Allegra and I are getting mother daughter pedicures today. I’ll be going to my local nail salon. Allegra’s nail technician makes a house call. Yes, I admit it: despite trimming countless cats’ nails as a veterinary assistant, and educating clients on how to do it, I can’t trim Allegra’s nails without having someone help me.
Cats’ nails, especially when they’re kittens, are very sharp, and they don’t just hurt when they’re used on you, they can also damage furniture and carpet. Having plenty of scratching posts and training your cats to use them will help with that aspect, but keeping cats’ nails trimmed is important for other reasons. Cats’ nails grow very fast, and if not trimmed, can grow into the pads of the paws, which is a very painful condition that will require veterinary attention.
The time to get your cat used to having her nails trimmed is when she’s a kitten. Play with her paws, squeeze the paw pads, touch the nails, but stop as soon as the kitten fights you or starts to bite at your hand. Eventually, as the kitten gets used to having her paws handled, you can start using nail trimmers especially designed for pets. Do not use scissors, they can split your cat’s nails. You’ll also want to have some styptic powder on hand in case you cut the nails too short and make the quicks bleed. If you don’t have styptic powder, a black (caffeinated) tea bag applied with gentle pressure works equally well. To avoid cutting the quick, clip only the tip of the nail; when in doubt, err on the side of caution and take off less than you think you can. You’re better off doing more frequent nail trims than making it a painful experience your cat will dread every time she sees you bringing out the nail clippers. You may only be able to do one or two nails at a time – always stop when the cat starts resisting or struggling.
If you’ve tried the desensitization approach and your cat still won’t let you trim her nails, there are several options. You can try wrapping your cat in a towel (the kitty burrito approach), exposing one leg at a time. You can get someone to help you, so one of you can restrain the cat while the other person trims the nails. Make sure that your helper knows how to properly and safely restrain a cat. And of course, you can also take your cat to your veterinary clinic for her pedicure.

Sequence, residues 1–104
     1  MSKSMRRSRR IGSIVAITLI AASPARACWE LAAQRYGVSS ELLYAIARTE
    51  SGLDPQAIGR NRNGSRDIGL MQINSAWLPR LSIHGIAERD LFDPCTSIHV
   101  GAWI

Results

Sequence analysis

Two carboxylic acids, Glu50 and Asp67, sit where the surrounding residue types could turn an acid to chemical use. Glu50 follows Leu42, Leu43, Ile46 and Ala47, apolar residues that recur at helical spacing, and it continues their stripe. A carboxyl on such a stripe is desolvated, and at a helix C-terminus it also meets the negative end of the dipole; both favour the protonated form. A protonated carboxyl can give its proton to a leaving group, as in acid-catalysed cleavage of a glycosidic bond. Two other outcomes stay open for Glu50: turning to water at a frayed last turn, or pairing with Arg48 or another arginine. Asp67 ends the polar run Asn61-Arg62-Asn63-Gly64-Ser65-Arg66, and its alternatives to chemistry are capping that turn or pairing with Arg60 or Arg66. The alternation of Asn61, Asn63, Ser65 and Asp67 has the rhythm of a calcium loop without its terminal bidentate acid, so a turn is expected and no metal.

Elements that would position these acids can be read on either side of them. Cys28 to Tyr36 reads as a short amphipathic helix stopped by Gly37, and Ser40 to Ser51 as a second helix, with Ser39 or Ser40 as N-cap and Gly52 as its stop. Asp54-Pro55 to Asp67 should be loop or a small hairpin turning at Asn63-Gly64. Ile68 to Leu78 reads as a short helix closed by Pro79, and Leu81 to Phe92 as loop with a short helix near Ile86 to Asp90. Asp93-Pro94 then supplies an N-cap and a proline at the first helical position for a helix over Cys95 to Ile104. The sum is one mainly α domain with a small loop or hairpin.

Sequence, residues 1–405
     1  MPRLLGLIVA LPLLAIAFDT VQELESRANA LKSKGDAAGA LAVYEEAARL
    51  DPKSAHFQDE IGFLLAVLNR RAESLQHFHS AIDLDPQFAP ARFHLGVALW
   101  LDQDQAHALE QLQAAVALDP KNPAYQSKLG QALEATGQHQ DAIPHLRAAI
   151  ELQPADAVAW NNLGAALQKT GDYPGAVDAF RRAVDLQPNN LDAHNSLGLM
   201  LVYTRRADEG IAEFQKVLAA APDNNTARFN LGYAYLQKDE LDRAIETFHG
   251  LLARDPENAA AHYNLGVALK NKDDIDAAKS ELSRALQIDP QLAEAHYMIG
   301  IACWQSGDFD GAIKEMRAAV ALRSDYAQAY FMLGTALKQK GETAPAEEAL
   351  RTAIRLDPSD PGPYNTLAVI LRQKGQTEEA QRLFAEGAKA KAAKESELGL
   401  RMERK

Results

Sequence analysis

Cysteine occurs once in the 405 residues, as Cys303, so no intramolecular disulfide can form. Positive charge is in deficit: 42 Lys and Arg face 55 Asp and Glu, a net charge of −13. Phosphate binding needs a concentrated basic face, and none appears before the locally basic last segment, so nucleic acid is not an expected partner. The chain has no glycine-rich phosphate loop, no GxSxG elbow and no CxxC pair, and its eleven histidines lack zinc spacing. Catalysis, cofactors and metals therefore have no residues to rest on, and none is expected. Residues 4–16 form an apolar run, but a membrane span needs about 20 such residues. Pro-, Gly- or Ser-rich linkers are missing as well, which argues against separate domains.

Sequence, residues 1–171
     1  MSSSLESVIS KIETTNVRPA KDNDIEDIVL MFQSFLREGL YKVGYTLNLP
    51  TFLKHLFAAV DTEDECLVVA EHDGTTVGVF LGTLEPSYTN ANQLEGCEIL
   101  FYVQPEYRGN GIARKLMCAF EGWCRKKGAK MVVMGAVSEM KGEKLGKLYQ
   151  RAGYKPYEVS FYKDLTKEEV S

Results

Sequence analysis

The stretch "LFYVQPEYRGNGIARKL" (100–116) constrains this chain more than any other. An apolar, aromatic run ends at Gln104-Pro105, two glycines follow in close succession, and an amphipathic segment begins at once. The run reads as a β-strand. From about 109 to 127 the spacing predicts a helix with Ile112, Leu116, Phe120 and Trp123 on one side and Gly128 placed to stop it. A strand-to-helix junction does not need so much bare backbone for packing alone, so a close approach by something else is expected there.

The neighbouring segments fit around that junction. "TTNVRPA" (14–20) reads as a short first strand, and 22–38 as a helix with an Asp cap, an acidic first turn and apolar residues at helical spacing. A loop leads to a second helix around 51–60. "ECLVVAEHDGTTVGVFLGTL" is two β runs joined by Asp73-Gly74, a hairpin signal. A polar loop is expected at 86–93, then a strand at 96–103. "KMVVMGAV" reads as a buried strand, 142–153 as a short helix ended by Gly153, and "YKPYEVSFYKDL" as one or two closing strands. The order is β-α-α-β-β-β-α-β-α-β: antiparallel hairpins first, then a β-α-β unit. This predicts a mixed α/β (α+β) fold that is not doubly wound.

An alternative to nail trims are soft nail caps that are glued onto the cat’s claws so they can’t do any damage when the cat scratches. You can do this yourself, or have it done at your veterinary clinic. I’m not a fan of these nail caps. The cat’s paws will still have to be handled to apply the caps, and nails have to be trimmed prior to application, so if you’re able to do that, then why not just trim the cat’s nails, period. Additionally, once the caps are on, cats won’t be able to retract their claws, and I can’t imagine that feels very good to them.
I tried the desensitization approach described above with Allegra when I adopted her at seven months old – with very little success. She was a play biter and touching her feet only encouraged her to bite. I was using multiple behavior modification methods to get her to stop biting, and I realized I was pushing my luck trying to get her used to nail trims until I had addressed her other issues. So for now, a friend helps me, and nail trims take 30 seconds for all four paws. There are plenty of treats afterwards (for Allegra, and for my friend, too).
How do your cats feel about having their nails trimmed?